County officials knew the second round of state budget cuts in local aid were coming, but a few were taken aback by the extent of the reductions. Commissioner Virgil Shockley said he learned from discussions at the recent Maryland Association of Counties (MAC0) convention in Ocean City, and through private discussions, the cuts to Worcester would come in at around $1.5 million to $2 million, and was a little surprised to learn the final total was more like $2.6 million.

“At what point do we stop robbing Peter to pay Paul,” he said. “They have just passed the burden on to the counties.”

Commissioner Bud Church agreed the announced cuts were a little more than county officials anticipated, but was not surprised by the final total. Church said the latest round of cuts appear worse than they are because in most of the targeted areas, the reductions are merely passed through the county to the appropriate state agency.

“The bad news is, we’re getting the cuts and they are worse than what we anticipated,” he said. “The good news is, a lot of these cuts are just pass-throughs for us. Yes, it’s bad, but I guess it’s not as bad as it could be.”

Nonetheless, the cuts are no less palatable for Worcester and the other local jurisdictions because they will likely have to be made up with local funds where possible in order to ensure the same level of services for citizens.

“The problem is, they keep robbing the piggybank,” said Church. “Pretty soon, the piggybank is going to be looking around for somebody to rob.”

Because the latest round of cuts target public health, police aid and highway user revenues, Shockley voiced concern about the local state agencies targeted by the latest round of cuts.

“Public health and public safety are being put at risk to preserve something else,” he said. “Those are government’s first priorities, plain and simple. What happens when nobody answers 911. If you cut so much from one side, it becomes a very real possibility that things can get out of hand quickly.”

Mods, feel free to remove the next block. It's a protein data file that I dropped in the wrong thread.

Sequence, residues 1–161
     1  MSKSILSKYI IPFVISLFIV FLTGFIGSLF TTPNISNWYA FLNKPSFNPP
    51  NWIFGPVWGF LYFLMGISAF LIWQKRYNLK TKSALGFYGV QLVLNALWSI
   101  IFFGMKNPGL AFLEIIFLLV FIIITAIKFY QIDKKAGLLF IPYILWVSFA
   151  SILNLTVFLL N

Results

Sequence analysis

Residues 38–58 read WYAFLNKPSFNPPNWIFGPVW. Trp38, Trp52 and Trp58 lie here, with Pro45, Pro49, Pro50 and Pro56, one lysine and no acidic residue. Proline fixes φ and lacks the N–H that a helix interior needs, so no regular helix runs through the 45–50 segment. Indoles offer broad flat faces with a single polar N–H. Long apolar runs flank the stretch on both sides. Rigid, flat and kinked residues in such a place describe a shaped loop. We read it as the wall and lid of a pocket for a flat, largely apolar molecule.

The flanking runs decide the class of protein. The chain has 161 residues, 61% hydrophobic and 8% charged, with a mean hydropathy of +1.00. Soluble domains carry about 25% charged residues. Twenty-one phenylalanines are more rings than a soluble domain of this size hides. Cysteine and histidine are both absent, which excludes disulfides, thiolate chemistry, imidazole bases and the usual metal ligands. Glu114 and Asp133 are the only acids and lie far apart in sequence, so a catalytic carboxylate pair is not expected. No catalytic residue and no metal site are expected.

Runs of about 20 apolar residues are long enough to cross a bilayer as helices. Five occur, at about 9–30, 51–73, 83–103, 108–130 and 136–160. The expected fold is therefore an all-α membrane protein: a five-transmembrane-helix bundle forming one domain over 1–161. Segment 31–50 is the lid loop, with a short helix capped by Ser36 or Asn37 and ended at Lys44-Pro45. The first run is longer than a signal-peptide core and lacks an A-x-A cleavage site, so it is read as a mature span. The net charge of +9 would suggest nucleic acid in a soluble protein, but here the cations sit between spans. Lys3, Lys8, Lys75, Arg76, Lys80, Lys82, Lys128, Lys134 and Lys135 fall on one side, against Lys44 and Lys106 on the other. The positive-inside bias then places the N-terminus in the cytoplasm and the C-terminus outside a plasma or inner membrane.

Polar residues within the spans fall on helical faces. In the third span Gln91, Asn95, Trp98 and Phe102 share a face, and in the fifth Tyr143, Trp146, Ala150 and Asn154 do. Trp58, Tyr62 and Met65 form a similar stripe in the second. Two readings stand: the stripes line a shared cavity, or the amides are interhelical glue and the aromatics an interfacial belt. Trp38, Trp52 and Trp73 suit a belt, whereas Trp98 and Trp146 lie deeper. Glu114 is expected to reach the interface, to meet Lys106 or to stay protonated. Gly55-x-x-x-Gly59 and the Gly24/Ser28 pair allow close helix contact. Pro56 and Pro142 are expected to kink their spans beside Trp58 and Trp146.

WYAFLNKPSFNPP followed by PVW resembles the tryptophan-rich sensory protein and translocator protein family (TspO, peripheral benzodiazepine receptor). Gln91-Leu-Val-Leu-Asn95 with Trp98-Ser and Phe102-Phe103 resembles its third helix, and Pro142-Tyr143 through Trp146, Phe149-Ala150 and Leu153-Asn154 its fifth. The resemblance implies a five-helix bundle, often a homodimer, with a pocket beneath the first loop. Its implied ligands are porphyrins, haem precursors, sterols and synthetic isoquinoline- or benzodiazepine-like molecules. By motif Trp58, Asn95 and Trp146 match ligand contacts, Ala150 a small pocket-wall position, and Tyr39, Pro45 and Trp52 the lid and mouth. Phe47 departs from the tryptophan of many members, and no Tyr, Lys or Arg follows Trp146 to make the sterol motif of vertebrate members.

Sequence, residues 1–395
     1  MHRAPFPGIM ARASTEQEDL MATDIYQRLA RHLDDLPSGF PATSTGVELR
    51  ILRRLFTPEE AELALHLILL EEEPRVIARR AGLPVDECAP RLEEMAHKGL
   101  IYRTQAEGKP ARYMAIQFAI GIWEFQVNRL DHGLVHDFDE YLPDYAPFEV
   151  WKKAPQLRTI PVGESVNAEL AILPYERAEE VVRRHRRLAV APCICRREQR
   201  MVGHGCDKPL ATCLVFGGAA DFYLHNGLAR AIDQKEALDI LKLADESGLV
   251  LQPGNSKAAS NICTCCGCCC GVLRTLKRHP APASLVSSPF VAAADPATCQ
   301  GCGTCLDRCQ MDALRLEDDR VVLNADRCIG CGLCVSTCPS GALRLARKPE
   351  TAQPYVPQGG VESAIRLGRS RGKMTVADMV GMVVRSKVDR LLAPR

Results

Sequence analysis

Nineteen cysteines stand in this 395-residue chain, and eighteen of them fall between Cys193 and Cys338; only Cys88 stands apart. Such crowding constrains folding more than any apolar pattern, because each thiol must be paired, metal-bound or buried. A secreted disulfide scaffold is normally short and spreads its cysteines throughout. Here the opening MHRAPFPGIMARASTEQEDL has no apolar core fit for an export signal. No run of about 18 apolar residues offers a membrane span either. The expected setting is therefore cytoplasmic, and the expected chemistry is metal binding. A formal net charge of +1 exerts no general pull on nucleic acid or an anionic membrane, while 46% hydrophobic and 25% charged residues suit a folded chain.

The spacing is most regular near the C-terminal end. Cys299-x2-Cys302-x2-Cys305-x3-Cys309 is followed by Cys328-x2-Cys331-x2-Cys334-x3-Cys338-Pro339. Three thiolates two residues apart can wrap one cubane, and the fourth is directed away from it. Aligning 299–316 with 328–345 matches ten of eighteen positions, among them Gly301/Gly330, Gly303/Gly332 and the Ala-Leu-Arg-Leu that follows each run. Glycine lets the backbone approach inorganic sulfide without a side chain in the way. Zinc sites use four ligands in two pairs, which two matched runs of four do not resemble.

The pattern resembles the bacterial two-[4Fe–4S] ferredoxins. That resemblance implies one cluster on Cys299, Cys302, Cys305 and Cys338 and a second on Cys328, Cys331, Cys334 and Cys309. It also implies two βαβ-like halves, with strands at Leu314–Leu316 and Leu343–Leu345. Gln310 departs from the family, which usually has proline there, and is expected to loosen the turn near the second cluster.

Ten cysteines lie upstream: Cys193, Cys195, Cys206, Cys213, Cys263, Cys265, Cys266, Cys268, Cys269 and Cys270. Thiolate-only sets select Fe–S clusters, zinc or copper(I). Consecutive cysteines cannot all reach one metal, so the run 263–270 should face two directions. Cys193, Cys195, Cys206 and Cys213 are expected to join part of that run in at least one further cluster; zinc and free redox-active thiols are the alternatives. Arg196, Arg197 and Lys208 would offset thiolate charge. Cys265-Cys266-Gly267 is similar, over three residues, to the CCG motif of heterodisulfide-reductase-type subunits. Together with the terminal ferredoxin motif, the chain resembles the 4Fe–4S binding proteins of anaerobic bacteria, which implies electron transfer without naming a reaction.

Shockley said the cuts in state aid would make it difficult, but not impossible, for the county to balance its own budget.

“We’ll get all the numbers and then we’ll go back and see where we absorb these cuts,” he said. “We’ll deal with it, we’ll survive it. In the current county budget, there is very little room for maneuvering. We already took money from one department and moved it to another to make sure things keep running.”

However, with the county budget already cut to the quick, maintaining the level of service county residents expect in some areas will be difficult.

“We’re going to have to learn to make do with less, but maintain the efficiency we currently have in place,” he said. “We’re not going to be able to do 100 percent of everything. The grass along the highway might not get cut, and those potholes might not get fixed.”

Church said the cuts announced this week appear to be even-handed across the state. He also said they might be foreboding of what is yet to come.

“I just see it getting worse before it gets any better,” he said. “These cuts are going on all over the state, but some areas seem to be getting hit harder than others.”